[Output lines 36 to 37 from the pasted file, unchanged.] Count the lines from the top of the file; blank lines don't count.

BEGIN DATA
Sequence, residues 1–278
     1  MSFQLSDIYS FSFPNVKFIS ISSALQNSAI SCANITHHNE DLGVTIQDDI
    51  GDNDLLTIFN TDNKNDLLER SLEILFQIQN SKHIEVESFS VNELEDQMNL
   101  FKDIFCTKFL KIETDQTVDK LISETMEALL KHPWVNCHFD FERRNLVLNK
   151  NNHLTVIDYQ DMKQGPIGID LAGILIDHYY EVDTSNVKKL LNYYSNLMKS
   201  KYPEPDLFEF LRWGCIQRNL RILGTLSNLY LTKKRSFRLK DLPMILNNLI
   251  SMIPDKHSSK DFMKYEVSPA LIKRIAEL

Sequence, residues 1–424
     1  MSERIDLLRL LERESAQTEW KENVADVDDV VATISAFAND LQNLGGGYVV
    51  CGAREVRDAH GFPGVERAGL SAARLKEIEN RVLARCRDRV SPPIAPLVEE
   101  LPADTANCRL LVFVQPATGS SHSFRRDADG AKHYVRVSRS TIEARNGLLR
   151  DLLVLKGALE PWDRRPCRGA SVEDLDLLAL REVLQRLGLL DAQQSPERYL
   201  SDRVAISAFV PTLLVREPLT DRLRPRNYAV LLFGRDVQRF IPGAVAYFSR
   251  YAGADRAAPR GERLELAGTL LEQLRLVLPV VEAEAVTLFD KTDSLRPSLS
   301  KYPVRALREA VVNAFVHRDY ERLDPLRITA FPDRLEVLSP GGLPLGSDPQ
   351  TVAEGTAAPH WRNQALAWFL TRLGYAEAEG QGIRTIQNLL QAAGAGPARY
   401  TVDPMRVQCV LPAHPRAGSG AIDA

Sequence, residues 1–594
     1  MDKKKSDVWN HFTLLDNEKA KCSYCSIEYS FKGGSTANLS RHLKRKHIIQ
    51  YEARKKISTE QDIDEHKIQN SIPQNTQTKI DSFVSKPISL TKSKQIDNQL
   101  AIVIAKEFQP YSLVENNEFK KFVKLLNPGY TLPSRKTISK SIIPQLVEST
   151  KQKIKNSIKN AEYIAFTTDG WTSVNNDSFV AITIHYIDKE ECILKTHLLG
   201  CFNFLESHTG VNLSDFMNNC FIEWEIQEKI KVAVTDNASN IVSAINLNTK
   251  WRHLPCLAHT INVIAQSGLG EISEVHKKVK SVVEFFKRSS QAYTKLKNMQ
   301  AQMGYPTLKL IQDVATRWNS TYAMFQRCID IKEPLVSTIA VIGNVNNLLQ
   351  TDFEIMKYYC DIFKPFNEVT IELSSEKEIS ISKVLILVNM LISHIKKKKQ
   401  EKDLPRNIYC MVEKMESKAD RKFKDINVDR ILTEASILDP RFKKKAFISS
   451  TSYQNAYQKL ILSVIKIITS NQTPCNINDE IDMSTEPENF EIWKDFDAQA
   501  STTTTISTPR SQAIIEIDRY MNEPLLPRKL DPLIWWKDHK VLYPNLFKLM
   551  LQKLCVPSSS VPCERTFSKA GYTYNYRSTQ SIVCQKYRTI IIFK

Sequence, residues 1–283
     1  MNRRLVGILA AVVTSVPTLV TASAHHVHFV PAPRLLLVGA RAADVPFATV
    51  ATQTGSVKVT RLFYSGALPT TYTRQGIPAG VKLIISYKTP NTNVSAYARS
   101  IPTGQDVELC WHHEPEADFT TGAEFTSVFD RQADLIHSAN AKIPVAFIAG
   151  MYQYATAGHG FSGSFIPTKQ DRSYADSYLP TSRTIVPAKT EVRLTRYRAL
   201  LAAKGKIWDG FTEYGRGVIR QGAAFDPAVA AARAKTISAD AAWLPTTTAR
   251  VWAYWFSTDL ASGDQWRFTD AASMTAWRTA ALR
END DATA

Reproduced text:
   201  LAAKGKIWDG FTEYGRGVIR QGAAFDPAVA AARAKTISAD AAWLPTTTAR
   251  VWAYWFSTDL ASGDQWRFTD AASMTAWRTA ALR